When changing attitudes, first of all, time is taken into account. It seems necessary to give time so that teachers and students do not feel limited by the prescribed time of the programs. Many teachers testify to this need for time when using digital technology. Not for technical reasons (though still too present), but mainly for learning reasons: when the studied world is reduced to the page of the textbook, teaching proceeds much faster than when the teacher wants his students to perceive the world through the multitude of available media on the one hand and that they want to promote in-depth studies on the living issues of our contemporary world on the other (climate, violence, nutrition, health, etc.). In addition, the now greater porosity between school time and personal working time of students (and also of teachers) must be taken into account. Learning takes time, consolidating acquisitions takes time. Can the school space become a space that is more open to controversy, to consultation, to co-construction?

Rethinking the school from the outside

The educational vision to be built seems to have to focus on the perceived turnaround: the “outside” of the school has taken the lead on the “inside”. The inside maintains its dominance through programs, exams, orientation, leading to consumer behavior in families and young people. Starting from the outside to rethink the school, in 2022, is also to return to the debate of 1791 that established the school precisely from “the outside”. To do this, whether we like it or not, the exterior has now been largely changed by digital technology, both in work and in everyday life. These changes, which digital social networks are increasingly witnessing, should therefore serve as a pillar to build an educational vision for the future that includes this digital. This vision can only be built over time. The idea of ​​a too rapid renewal of computer and digital technologies is too often used for immobility: we don’t know where it’s going and also too soon. A rereading of the last fifty years makes it possible to read the evolutions and their effects in society and their place in the school. We are surprised to see that we forget continuities too quickly to favor fractions (the fashion for disruption?). And the few breaks are more the result of a few symbolic gestures by politicians than of real fundamental transformations that touch the heart of the school system, the school form, the B2i and the abandonment are a good example.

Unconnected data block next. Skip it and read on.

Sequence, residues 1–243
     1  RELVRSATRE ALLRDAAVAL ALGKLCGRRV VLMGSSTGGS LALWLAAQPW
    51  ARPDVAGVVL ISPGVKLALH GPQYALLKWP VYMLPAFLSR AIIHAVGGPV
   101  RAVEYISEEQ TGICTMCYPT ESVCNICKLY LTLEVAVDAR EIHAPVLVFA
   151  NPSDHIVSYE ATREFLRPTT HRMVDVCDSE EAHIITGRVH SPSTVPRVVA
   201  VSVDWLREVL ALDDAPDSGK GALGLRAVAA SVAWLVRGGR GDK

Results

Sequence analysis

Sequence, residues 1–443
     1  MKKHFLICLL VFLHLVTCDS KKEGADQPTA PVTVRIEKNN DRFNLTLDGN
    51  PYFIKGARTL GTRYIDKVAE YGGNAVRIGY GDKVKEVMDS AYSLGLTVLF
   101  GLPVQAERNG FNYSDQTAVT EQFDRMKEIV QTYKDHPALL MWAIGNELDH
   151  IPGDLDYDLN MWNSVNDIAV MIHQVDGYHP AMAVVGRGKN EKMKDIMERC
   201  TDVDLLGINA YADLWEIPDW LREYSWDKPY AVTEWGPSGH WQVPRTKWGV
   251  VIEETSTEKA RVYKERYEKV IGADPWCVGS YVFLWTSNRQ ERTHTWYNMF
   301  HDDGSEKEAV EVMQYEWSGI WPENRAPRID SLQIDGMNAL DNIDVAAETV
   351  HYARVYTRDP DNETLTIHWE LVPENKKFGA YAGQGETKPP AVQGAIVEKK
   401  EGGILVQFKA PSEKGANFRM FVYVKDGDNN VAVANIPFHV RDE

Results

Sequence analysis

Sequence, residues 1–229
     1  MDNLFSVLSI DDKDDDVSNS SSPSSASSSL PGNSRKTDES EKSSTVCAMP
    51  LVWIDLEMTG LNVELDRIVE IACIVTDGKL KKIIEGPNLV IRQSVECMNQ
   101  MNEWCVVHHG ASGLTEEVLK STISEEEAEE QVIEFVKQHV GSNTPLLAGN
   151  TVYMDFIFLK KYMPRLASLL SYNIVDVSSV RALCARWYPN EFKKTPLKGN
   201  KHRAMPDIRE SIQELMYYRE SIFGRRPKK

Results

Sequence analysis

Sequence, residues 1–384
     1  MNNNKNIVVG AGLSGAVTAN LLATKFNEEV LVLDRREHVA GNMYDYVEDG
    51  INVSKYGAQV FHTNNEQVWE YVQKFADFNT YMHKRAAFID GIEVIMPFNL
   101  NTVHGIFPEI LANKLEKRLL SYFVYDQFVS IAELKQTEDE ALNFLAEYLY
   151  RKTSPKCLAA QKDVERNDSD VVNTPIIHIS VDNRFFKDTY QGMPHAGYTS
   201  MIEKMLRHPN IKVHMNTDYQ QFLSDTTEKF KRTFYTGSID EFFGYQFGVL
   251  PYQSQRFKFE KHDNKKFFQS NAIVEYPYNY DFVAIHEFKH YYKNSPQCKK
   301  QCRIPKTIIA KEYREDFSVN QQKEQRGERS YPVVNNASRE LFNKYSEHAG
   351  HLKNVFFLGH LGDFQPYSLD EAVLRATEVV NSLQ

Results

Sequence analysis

Reintroducing time into the school presupposes the provision of modular programs shared between the essential (the basics) and the extension (deep, specialisms). From kindergarten to high school, it will be necessary to leave it up to the teachers to guarantee the basics (including digital technology of course) and to encourage expansion according to the local context. The digital resources will then have to be instrumentalized in the service of the flexibility of the time to learn them. Of course, the committees that make the programs will have to be clear about the place digital technology should have in their proposals: defending subject areas or defending the quality of learning and the education project for students? This is based on a political force that is aware of these issues and implements them within all structures that depend on them by giving them a real roadmap, based on meaning. Time is also a way of life, a way of being. However, the digital as we perceive it in our societies is one of the key players in accelerating and recording human time. Let’s be aware of this to ensure a better future for the young in our societies.

Bruno Devauchelle